Passengers, pilots safe but ‘shaken up’ after lightning strikes Victoria-bound helicopter

Passengers, pilots safe but 'shaken up' after lightning strikes Victoria-bound helicopter

People inside a 12-passenger Helijet helicopter were left stunned after the aircraft, en route to Victoria, was struck by lightning mid-flight.

No one was injured Tuesday morning, but the helicopter was damaged and needs repairs, according to Helijet’s president and CEO Daniel Sitnam.

“The passengers were a little shaken up, there’s no doubt about it,” said Sitnam in an interview. “They knew something had happened.”

He says the helicopter, a Sikorsky S-76C++, departed downtown Vancouver for Vancouver Island at 9:11 a.m. on Oct. 24.

Fourteen people in total, including 12 passengers and two pilots, were on board.

“About 20 minutes later, at about 4,000 feet (1,200 metres) above sea level, on a typical flight path that we take, the crew noted and reported that they heard a very loud bang and simultaneously a white, bright light,” said Sitnam.

‘Freak lightning strike’

The whole cockpit, including the pilots’ instrumentation, went black, in what the company president is calling a “one-off or freak lightning strike situation.”

Sitnam says the pilots followed procedures, advised the Victoria helipad control tower and declared a “Pan-Pan,” which means “possible assistance needed.” He says this “gives you priority over other radio communications from other aircraft.”

The helicopter landed at Ogden Point around 9:45 a.m. Everyone on board, the passengers and pilots, was safely deplaned and medically cleared.

Then crews noticed parts of the helicopter had been torn off and were missing.

“The pilots walked around the aircraft, and to their surprise, not knowing this during flight, two of the four tail rotors were not on the aircraft,” said Sitnam.

“It’s outstanding in their ability to bring the aircraft safety to the ground.”

According to Transport Canada, “the purpose of the pedal-controlled tail rotor is to counteract the torque effect of the main rotor, to control the heading of the helicopter during hovering flight, and to initiate turns while in the hover.”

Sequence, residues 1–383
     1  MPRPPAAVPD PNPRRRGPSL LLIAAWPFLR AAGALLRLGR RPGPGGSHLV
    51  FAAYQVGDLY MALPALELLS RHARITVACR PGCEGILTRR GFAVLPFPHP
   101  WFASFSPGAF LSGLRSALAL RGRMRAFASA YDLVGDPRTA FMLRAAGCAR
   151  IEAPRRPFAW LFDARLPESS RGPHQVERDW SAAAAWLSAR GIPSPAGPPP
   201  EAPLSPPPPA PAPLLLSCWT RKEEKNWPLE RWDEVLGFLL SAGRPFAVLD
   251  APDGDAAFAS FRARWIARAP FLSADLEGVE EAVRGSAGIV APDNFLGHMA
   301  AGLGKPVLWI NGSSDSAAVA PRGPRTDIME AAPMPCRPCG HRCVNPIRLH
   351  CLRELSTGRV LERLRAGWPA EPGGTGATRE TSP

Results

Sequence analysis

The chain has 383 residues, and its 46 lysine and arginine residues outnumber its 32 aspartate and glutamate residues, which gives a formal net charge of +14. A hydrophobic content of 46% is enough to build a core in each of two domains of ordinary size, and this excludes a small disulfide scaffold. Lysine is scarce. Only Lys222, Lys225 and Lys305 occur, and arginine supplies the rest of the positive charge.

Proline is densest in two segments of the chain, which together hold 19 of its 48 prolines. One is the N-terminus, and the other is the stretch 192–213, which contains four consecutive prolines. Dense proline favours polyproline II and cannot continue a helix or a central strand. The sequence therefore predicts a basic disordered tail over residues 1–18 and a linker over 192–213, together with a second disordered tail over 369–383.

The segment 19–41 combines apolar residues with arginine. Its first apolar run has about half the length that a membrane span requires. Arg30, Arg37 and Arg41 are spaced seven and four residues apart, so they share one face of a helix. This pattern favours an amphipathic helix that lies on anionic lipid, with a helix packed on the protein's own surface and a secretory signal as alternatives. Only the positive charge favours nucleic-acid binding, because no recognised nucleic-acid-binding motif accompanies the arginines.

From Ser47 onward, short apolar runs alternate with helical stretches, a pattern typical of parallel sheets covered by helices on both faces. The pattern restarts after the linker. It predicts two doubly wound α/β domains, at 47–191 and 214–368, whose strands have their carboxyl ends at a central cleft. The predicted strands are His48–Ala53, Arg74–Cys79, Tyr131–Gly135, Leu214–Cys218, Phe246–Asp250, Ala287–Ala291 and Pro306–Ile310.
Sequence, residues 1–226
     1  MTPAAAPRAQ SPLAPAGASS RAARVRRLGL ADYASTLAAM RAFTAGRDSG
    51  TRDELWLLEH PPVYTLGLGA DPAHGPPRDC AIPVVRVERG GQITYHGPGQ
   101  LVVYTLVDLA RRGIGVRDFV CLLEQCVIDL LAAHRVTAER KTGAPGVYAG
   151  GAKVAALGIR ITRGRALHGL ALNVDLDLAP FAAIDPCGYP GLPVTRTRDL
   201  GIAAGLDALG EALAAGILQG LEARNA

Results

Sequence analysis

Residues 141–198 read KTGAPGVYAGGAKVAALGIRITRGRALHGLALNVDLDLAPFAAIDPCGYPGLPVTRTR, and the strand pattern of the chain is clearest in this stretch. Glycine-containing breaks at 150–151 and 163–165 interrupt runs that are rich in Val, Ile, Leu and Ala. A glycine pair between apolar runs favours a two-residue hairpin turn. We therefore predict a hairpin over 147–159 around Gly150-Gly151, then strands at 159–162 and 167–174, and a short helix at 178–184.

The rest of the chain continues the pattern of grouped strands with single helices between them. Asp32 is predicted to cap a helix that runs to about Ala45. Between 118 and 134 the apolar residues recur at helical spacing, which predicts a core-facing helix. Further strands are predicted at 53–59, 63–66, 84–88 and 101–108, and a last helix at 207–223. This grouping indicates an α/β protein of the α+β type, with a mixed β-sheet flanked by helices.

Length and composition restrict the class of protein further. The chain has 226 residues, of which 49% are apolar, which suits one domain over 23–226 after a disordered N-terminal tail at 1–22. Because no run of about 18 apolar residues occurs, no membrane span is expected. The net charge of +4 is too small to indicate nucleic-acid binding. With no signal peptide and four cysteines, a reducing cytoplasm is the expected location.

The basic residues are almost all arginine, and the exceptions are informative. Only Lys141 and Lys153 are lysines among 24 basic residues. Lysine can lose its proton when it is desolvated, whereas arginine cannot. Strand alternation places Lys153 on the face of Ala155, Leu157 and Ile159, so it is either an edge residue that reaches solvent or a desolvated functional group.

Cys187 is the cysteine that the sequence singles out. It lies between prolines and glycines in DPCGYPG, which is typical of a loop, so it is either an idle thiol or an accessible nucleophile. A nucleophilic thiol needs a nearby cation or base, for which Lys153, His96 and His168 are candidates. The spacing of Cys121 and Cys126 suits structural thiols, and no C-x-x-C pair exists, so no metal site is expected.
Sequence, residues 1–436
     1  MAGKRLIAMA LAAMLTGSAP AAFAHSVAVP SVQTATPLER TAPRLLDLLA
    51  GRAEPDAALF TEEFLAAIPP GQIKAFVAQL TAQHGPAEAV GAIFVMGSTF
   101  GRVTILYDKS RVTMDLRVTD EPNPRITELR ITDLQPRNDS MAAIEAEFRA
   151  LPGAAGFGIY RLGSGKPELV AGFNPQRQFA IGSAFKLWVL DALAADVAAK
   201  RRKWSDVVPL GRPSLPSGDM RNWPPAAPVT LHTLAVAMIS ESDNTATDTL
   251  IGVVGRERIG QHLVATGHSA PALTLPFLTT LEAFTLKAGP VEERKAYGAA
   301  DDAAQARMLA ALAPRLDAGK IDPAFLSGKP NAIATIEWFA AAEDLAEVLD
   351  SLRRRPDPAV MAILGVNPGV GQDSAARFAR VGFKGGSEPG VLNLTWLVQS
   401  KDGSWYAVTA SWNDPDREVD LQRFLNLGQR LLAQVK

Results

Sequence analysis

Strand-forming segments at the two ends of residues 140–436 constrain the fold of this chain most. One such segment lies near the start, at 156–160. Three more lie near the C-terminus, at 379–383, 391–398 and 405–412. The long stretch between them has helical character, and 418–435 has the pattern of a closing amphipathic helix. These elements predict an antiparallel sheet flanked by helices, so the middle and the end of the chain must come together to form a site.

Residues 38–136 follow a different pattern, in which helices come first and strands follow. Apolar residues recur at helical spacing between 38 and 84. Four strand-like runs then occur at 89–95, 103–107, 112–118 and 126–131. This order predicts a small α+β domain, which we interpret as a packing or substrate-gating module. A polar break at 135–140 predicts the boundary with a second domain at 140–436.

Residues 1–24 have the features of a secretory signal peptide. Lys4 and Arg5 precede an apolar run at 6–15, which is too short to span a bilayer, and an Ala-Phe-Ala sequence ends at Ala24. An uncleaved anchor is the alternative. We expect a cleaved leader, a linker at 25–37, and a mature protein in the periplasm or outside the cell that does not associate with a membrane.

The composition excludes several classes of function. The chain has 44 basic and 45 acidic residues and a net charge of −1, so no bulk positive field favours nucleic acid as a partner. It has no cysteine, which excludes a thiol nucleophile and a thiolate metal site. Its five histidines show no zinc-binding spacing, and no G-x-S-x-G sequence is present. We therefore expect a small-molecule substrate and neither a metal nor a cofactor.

Environment Canada had issued weather warnings and statements for parts of B.C., including Vancouver Island, saying heavy rain and strong wind were forecast.

“There were no weather alerts relative to lightning. This was the only lightning strike reported,” said Sitnam.

“The weather reporting that we checked had no indication there was lightning in the area that we were flying.”

Environment Canada meteorologist Armel Castellan said aviation forecasts the agency issued for Tuesday did in fact warn of the potential for thunderstorm activity across BC’s south coast.

Castellan also said the strike was “stronger than your average strike,” and that it was not only the only lightning strike recorded by sensors Tuesday morning.

“We did see a lightning strike in the south Gulf Islands, near Pender Island,” he told CHEK News. “It was a strong lightning flash because we can measure that through the Canadian Lightning Detection Network.”

The Transportation Safety Board is aware of the incident and is investigating.

Sitnam says the helicopter will be held in Victoria for examination before it’s towed to Helijet’s facility on the B.C. mainland for repairs.

“Everybody’s safe and sound. We’ll learn from it, we’ll get the aircraft fixed up, and we’ll get it back in the air,” he added.

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Ethan MorneauEthan Morneau

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